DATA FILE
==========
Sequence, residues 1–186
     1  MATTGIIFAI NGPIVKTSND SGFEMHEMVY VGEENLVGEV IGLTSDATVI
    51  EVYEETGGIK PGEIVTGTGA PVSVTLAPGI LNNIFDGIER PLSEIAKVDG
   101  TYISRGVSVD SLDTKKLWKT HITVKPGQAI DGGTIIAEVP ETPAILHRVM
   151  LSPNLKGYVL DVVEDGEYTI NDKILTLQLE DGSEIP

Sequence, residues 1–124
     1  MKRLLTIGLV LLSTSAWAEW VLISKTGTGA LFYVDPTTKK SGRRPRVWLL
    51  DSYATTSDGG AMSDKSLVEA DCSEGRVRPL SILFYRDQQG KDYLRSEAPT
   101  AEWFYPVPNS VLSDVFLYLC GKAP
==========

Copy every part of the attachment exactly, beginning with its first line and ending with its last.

Sequence, residues 1–186
     1  MATTGIIFAI NGPIVKTSND SGFEMHEMVY VGEENLVGEV IGLTSDATVI
    51  EVYEETGGIK PGEIVTGTGA PVSVTLAPGI LNNIFDGIER PLSEIAKVDG
   101  TYISRGVSVD SLDTKKLWKT HITVKPGQAI DGGTIIAEVP ETPAILHRVM
   151  LSPNLKGYVL DVVEDGEYTI NDKILTLQLE DGSEIP

Sequence, residues 1–124
     1  MKRLLTIGLV LLSTSAWAEW VLISKTGTGA LFYVDPTTKK SGRRPRVWLL
    51  DSYATTSDGG AMSDKSLVEA DCSEGRVRPL SILFYRDQQG KDYLRSEAPT
   101  AEWFYPVPNS VLSDVFLYLC GKAP